A year ago, the Americans were embarrassed in Alberta. Two years after winning gold, the USA ended up upset by the Finland and the Czech Republic and placed in the relegation round. It was a rare low point for the Americans, who have been consistently improving at this tournament in recent years.
For the Americans, the U20 is a true challenge, having to evaluate who the best players are in a very large country where players are playing at three very different levels of play. How does a NCAA freshman that is barely playing compare to a 19 year old that is scoring a lot in major junior? Are the guys that turned professional in the AHL really that much further along than the guys still in junior or college? And how can one create a competitive camp atmosphere when you can't bring in 35-40 players like Canada does and run scrimmages against each other?
These are the challenges the Americans face every year, and this year it ultimately fell on should be Hockey Hall of Famer Phil Housley to put the best players on the ice and implement a system that will work best for this disparate group of hockey players.
|Left Wing||Centre||Right Wing|
|John Gaudreau||J.T. Miller*||Rocco Grimaldi|
|Alex Galchenyuk||Vincent Trocheck||Riley Barber|
|Mario Lucia||Sean Kuraly||Tyler Biggs|
|Jimmy Vesey||Cole Gaudreau||Ryan Hartman|
This year, USA decided to go with a team that had a lot of flat out speed. Only Miller remains from last year's team, and most of this year's team is 19, with only Galchenyuk, Barber, and Hartman representing the 1994 birth year. But this group seems to be finding their way at the NCAA level quicker than usual, with most of the players having key roles on their teams already.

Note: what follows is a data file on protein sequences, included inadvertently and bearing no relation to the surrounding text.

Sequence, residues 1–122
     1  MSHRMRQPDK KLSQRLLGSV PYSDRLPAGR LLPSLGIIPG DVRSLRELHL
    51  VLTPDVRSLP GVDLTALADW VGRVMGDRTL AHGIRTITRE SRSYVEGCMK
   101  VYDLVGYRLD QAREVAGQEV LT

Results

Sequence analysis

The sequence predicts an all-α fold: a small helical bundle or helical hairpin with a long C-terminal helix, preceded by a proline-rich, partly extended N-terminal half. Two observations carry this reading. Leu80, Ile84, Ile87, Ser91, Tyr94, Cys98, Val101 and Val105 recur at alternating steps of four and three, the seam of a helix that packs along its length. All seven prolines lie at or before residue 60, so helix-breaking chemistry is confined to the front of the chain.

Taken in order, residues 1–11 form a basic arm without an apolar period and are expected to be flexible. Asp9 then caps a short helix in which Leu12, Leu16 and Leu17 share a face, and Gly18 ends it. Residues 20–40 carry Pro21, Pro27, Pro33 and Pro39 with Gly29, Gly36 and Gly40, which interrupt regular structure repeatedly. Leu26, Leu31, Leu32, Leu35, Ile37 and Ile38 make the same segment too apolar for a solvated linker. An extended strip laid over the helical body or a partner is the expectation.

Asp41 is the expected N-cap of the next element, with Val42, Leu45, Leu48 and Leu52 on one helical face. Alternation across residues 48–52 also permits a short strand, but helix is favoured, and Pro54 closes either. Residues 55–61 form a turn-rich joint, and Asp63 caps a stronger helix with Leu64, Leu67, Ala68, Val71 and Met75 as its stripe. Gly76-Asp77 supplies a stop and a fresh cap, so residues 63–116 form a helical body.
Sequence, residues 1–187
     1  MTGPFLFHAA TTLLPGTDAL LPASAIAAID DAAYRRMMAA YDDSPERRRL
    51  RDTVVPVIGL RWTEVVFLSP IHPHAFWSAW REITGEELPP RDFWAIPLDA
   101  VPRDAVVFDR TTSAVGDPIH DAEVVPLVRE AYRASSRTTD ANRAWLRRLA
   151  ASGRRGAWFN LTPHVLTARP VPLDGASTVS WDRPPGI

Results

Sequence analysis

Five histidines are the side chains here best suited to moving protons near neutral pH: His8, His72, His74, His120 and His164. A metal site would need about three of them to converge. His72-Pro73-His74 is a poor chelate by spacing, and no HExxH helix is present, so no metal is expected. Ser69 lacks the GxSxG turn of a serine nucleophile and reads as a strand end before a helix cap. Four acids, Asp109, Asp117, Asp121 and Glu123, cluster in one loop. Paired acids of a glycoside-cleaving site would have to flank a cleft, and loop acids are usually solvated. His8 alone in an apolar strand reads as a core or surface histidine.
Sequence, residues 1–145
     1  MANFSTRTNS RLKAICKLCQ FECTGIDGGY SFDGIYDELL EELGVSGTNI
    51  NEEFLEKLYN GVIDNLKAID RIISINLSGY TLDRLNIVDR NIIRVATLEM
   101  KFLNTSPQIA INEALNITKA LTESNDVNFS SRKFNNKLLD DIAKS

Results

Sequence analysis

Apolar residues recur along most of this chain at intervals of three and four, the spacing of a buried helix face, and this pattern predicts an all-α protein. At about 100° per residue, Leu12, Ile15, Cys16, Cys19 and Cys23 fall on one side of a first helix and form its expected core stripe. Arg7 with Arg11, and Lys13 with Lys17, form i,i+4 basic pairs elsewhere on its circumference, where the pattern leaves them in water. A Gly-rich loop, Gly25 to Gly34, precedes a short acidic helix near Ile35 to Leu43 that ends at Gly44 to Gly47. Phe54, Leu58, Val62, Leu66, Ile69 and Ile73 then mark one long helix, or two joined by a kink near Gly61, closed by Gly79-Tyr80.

Gaudreau is considered a Hobey Baker candidate at 19, Grimaldi is near a point per game for perennial powerhouse North Dakota, and Mario Lucia is scoring at over a point per game for Notre Dame. Only a couple of these players come from the major junior circle, and the most prominent of them is Alex Galchenyuk, the dual Russian-American citizen taken third overall by the Montreal Canadiens in 2012, who is the son of a former Belarussian Olympic hockey player.
The American team may lack the familiar names of the Canadian team to some, but these are all players who are just now achieving success at a higher level of play than most Canadian players play. It's an incredibly talented group, and should be able to score more than enough goals to compete with the top teams in the tournament.
Key Player: J.T. Miller plays a huge role on this team. A lot of the team's current setup depends on him being a productive center, something that doesn't seem like an absolute guarantee. Miller is an effective two-way forward who needs to be able to get the puck to his talented wingers while taking some of the defensive responsibilities away from the Galchenyuk-Trocheck-Barber line. His role will be similar to the one fellow New York Rangers center Derek Stepan had when the Americans won gold in 2010.
|Left Defense||Right Defense|
|Mike Reilly||Seth Jones|
|Shayne Gostisbehere||Jacob Trouba*|
|Jake McCabe||Connor Murphy|
|Matt Grzelcyk||Patrick Sieloff|
Defense is USA's strongest position at this year's tournament, as they can run out three excellent pairings that are effective in all three zones. Seth Jones is the lynchpin, with the young emerging star 18 year old playing at a level that is quite rare for players at his age group.